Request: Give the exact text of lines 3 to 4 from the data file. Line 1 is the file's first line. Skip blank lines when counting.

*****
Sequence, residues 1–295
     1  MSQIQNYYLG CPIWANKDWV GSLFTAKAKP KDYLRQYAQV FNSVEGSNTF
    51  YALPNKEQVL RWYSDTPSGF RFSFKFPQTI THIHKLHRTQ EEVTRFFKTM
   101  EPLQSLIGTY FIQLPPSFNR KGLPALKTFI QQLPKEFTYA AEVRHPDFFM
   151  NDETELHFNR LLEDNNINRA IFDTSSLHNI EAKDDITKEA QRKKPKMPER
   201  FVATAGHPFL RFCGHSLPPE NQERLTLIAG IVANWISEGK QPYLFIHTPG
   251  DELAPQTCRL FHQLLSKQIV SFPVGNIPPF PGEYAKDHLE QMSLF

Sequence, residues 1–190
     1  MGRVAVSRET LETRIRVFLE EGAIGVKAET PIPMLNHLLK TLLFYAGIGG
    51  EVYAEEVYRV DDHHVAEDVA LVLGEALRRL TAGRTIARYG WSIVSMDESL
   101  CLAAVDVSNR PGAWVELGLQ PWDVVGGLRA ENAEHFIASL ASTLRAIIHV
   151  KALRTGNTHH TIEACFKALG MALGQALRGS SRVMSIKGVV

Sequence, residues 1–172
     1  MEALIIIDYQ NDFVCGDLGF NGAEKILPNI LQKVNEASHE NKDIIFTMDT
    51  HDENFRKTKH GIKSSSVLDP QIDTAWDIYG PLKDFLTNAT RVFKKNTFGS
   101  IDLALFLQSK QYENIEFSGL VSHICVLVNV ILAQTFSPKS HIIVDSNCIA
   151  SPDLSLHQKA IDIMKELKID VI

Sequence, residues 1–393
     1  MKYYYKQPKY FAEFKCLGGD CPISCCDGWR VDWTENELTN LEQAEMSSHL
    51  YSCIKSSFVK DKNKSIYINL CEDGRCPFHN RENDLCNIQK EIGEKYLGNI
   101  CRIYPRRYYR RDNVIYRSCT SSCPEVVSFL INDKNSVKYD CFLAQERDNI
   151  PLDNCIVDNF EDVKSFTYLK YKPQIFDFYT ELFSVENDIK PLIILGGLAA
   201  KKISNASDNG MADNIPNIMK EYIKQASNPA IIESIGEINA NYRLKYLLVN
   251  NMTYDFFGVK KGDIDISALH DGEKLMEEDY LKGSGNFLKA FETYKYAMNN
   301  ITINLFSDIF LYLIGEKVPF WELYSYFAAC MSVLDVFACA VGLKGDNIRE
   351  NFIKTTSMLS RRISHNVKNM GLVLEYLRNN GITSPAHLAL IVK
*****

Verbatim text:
    51  YALPNKEQVL RWYSDTPSGF RFSFKFPQTI THIHKLHRTQ EEVTRFFKTM
   101  EPLQSLIGTY FIQLPPSFNR KGLPALKTFI QQLPKEFTYA AEVRHPDFFM